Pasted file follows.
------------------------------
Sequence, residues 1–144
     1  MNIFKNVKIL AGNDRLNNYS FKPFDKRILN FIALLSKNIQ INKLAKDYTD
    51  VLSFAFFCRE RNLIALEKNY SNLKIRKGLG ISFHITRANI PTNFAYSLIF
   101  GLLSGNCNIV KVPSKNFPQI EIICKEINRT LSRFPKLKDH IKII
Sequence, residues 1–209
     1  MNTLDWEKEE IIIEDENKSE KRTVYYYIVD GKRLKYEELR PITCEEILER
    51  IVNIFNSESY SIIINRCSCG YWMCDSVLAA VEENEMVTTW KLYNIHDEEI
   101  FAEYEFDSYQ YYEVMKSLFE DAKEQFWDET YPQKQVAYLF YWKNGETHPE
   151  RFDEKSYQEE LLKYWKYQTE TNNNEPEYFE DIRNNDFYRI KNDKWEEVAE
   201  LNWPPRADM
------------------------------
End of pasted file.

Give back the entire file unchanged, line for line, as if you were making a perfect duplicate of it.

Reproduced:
Sequence, residues 1–144
     1  MNIFKNVKIL AGNDRLNNYS FKPFDKRILN FIALLSKNIQ INKLAKDYTD
    51  VLSFAFFCRE RNLIALEKNY SNLKIRKGLG ISFHITRANI PTNFAYSLIF
   101  GLLSGNCNIV KVPSKNFPQI EIICKEINRT LSRFPKLKDH IKII
Sequence, residues 1–209
     1  MNTLDWEKEE IIIEDENKSE KRTVYYYIVD GKRLKYEELR PITCEEILER
    51  IVNIFNSESY SIIINRCSCG YWMCDSVLAA VEENEMVTTW KLYNIHDEEI
   101  FAEYEFDSYQ YYEVMKSLFE DAKEQFWDET YPQKQVAYLF YWKNGETHPE
   151  RFDEKSYQEE LLKYWKYQTE TNNNEPEYFE DIRNNDFYRI KNDKWEEVAE
   201  LNWPPRADM